Updated: February 23, 2016, 1:09 pm
KEY: wildlife, standards, rehabilitation
Date of Enactment or Last Substantive Amendment: April 3, 2001
Notice of Continuation: December 7, 2015
Authorizing, and Implemented or Interpreted law: 23-14-18; 23-13-4; 23-20-3
(1) Under Sections 23-13-4, 23-14-18, and 23-20-3, this rule provides the standards and procedures for possessing protected wildlife in captivity for rehabilitation purposes. In accordance with the provisions of this rule, the Wildlife Board encourages responsible wildlife rehabilitation by trained and educated individuals as a public service and for the benefit of Utah's wildlife resources.
(2)(a) This rule does not govern the rehabilitation of species of wildlife classified as non-protected wildlife in Subsection 23-13-2(35)(b), including coyote, field mouse, gopher, ground squirrel, jack rabbit, muskrat, and raccoon.
(b) Holding raccoons and coyotes in captivity is governed by the Department of Agriculture under Section 4-23-11 and Rule R58-14. Authorization from the Department of Agriculture is required for their live possession.
(1) Terms used in this rule are defined in Section 23-13-2.
(2) In addition:
(a) "Apprentice" means a person listed on a certificate of registration for wildlife rehabilitation who is authorized to rehabilitate wildlife under the direct supervision of a wildlife rehabilitator.
(b) "CFR" means the Code of Federal Regulations;
(c) "Direct Supervision" means to provide personal assistance and instruction to an apprentice for wildlife rehabilitation, including prior approval of treatment and disposition of wildlife undergoing rehabilitation.
(d) "Taxa" means the following classes of wildlife species that have similar requirements for food, habitat, and other ecological or behavioral needs pertinent to wildlife rehabilitation:
(iii) birds, except raptors;
(v) mammals, except big game and carnivores;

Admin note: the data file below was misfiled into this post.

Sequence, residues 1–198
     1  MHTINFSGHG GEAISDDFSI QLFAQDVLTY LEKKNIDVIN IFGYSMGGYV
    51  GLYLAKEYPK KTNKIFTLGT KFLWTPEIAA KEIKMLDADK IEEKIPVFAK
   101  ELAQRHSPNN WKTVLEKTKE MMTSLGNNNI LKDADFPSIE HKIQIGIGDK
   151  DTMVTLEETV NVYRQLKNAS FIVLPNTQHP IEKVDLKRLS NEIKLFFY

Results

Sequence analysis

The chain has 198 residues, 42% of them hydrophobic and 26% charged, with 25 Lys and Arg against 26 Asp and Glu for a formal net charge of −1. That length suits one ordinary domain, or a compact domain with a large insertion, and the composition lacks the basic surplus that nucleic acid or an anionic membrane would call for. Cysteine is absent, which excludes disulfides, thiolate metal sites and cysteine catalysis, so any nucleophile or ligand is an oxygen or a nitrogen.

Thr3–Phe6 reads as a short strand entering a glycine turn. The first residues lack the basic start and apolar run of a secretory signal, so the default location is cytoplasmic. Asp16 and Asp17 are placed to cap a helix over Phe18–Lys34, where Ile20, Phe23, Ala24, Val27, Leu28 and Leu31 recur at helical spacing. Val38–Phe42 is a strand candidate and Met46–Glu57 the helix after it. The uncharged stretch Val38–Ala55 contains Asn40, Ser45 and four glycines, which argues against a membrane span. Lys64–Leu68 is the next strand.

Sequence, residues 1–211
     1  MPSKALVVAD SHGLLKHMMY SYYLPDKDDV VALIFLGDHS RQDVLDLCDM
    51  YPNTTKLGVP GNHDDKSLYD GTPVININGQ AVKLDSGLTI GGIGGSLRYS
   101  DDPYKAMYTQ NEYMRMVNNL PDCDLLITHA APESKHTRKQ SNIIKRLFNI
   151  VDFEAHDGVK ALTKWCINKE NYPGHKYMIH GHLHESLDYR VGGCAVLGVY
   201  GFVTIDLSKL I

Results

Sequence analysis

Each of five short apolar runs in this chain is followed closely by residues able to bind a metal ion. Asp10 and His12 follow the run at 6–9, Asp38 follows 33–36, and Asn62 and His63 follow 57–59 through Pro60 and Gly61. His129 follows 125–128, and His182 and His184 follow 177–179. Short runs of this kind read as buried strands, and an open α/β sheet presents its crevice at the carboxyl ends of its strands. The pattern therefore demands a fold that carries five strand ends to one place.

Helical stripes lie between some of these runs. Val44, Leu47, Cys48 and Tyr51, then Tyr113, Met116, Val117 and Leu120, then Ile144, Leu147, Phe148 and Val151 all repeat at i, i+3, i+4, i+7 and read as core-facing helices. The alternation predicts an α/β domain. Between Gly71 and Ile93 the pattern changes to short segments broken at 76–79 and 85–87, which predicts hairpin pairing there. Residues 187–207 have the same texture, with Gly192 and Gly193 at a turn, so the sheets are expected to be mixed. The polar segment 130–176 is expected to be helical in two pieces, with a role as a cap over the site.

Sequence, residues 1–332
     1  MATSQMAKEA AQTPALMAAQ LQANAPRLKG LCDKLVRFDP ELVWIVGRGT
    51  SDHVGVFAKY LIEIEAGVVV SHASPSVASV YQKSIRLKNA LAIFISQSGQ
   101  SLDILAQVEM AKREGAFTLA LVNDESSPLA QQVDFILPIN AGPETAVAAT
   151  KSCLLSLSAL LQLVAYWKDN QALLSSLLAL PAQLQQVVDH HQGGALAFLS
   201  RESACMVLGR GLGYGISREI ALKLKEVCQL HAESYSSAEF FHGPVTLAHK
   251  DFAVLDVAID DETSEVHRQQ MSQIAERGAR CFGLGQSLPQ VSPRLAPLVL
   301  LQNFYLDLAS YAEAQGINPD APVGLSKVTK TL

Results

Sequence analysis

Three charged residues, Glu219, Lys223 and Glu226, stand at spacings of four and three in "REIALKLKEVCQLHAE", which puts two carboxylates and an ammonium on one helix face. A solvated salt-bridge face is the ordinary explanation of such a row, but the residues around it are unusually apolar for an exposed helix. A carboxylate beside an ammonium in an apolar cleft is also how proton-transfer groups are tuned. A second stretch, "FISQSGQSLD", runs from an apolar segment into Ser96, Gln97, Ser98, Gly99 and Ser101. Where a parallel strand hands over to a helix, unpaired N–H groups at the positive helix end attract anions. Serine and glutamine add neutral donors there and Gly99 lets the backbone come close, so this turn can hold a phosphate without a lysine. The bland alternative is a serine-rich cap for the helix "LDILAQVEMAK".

(vi) big game mammals; and
(e) "Wildlife rehabilitation" means to care for injured, sick, orphaned, or otherwise distressed wildlife for the purpose of returning it to the wild.
(f) "Wildlife rehabilitator" means a person authorized by the division to rehabilitate wildlife.
(1) A valid certificate of registration is required before any person may engage in wildlife rehabilitation or possess protected wildlife in captivity for rehabilitation.
(2) Certificates of registration are issued for the sole purpose of restoring protected wildlife to a condition that it may be returned to the wild. A wildlife rehabilitator may not keep protected wildlife in captivity for any other purpose or exhibit any wildlife held in captivity to the general public without prior written authorization from the division.
(3) Certificates of registration shall specify:
(a) the person responsible for rehabilitation activities and each apprentice acting under the direction of the wildlife rehabilitator;
(b) the taxa or specific species of protected wildlife that may be rehabilitated; and
(c) the locations where rehabilitation activities may occur.
(4) All protected wildlife and its progeny held under a certificate of registration:
(a) shall remain under the jurisdiction of the state of Utah and may not be considered privately owned or legally acquired and shall be returned to the division upon request; and
(b) may not be used for any purpose other than rehabilitation for release to the wild without prior written authorization from the division.
(1) Applications for certificates of registration are available from division offices.
(2) Applicants for: